How many of these acts did readers here participate in? Or even the wider UK population?
If you tried to hold any population other than the UK responsible for the sins of their fathers I suspect you would be one of the first to criticise.
You forget of course to mention that Britain lead the way in ending slavery, and the RN freed many would be slaves on the way between the african salvers and their US market. Guess that doesn't fit with the general anti imperialist kick...
anyways back to the subject...
Intriguingly, as I read this lunch time, a lot of the RN ships that fought/stopped/impounded the slave traders as they crossed the Atlantic from Africa were Bermuda Sloops, most of which were designed, built and manned by Bermudan slaves.
"if we hadn't been doing it, another European power would have been."
You can make exactly the same argument now. If British companies can't pay bribes in Russia, the middle East etc, then they'll lose business to the Chinese or whoever else IS ready to pay the bribes. I would say well done to Britain for putting this moral stand ahead of profiting from dubious / dodgy business practices.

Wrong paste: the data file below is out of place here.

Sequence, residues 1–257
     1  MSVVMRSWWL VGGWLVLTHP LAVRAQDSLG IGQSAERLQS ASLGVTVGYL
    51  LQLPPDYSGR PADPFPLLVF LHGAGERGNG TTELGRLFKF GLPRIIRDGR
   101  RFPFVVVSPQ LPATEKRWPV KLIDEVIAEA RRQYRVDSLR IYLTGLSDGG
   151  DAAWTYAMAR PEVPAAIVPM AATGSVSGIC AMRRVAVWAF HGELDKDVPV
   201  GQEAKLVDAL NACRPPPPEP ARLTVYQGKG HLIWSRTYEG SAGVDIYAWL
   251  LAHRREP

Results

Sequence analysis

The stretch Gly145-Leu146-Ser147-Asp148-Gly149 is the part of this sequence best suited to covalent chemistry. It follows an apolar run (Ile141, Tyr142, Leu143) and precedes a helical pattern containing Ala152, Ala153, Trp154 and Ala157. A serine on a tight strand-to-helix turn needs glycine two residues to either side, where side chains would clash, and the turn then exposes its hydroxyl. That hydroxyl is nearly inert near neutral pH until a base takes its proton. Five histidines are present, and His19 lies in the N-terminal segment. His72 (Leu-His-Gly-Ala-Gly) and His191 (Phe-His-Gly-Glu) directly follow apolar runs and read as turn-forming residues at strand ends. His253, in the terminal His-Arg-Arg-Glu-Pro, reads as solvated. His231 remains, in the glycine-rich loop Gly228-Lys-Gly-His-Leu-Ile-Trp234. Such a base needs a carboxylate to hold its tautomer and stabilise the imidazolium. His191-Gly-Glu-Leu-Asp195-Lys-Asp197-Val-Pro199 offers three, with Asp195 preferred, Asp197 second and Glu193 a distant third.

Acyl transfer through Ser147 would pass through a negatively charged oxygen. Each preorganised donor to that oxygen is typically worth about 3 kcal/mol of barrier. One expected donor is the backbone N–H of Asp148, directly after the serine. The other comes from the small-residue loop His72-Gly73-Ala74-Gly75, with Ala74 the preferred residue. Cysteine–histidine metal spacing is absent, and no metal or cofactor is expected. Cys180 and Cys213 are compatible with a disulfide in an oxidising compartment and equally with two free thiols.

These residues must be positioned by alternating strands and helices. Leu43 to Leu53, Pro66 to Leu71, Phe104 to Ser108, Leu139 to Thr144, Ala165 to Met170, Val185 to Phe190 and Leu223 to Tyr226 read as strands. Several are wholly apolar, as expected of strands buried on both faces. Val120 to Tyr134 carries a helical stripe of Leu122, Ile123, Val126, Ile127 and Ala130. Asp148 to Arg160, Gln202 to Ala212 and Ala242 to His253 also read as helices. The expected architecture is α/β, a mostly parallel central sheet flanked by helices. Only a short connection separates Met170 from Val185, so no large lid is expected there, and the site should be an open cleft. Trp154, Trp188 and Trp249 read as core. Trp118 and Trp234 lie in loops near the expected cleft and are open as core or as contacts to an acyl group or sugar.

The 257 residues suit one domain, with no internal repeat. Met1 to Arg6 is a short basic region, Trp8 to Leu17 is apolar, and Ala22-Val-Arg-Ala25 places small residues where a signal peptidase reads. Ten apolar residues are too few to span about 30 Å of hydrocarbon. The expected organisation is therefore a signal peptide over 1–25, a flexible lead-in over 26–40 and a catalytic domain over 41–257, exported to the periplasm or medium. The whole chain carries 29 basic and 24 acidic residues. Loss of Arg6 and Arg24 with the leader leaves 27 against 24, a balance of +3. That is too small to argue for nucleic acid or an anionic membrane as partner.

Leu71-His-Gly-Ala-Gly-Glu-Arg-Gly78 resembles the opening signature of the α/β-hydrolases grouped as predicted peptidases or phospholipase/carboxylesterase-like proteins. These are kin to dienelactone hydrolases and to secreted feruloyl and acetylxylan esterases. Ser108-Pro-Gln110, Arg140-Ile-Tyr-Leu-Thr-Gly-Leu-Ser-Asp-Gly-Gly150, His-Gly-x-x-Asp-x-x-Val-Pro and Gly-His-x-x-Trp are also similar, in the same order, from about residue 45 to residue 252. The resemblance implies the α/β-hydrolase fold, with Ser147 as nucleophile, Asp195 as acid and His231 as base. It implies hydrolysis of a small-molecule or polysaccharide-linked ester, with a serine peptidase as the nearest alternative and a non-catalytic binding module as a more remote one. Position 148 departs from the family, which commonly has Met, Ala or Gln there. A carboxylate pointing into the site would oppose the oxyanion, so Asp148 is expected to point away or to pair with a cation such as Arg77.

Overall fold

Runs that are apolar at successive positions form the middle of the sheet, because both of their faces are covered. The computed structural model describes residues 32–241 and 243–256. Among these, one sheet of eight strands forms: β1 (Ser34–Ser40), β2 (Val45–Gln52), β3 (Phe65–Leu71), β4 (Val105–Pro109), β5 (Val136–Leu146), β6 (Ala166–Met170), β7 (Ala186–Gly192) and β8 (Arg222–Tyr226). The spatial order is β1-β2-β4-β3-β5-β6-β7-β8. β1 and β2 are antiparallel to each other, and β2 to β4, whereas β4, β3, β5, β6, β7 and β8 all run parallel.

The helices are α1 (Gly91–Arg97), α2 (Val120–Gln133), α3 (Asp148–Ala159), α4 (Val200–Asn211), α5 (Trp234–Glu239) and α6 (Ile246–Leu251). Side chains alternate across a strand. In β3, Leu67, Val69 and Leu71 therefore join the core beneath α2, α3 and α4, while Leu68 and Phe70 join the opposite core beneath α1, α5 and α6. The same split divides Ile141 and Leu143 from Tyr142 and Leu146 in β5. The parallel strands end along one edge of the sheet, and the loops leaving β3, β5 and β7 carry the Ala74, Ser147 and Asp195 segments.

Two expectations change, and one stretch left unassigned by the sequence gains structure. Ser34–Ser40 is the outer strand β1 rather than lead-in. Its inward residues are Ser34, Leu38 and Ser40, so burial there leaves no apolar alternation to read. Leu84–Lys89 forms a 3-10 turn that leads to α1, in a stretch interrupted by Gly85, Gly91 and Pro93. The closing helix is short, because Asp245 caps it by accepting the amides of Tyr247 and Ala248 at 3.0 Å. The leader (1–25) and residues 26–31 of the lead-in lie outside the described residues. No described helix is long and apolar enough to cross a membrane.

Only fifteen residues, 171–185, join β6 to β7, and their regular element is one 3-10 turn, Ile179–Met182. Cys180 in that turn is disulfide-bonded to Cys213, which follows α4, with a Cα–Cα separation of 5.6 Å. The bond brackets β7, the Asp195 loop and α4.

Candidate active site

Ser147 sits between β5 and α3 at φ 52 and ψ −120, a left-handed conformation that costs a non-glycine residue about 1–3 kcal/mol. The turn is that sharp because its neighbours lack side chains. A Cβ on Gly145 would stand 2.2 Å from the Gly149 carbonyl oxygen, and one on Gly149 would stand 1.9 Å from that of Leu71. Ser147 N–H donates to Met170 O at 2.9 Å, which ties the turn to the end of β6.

Hopefully such legislation will extend gradually across the EU and other countries, until regimes requiring bribes will start to find no takers and gradually come clean. Sure, it will take decades, and in these decades some British businesses will lose contracts from dodgy countries.
Look harder; that was the Yanks (CIA) who caused that not the British. The CIA decided any president that had talks with Russia must be a raving commie. As opposed to someone talking to the head of state of a neighbouring country.
They started complaining that BAE managed to out-bribe them in Saudi Arabia while pretending that they weren't attempting to do the exact same thing. This hits the media which causes our politicians to step in pretending they knew nothing about it and then wanting to be shown to be being tough on corruption to get votes in the next election.
Anything we do that has any US involvement is covered by the Foreign Corrupt Practices Act so the Bribery Act is simply bringing us into line with that. That doing business (and competing against Chinese suppliers) in some countries is now going to be pretty much impossible (without breaking British law) is another matter altogether.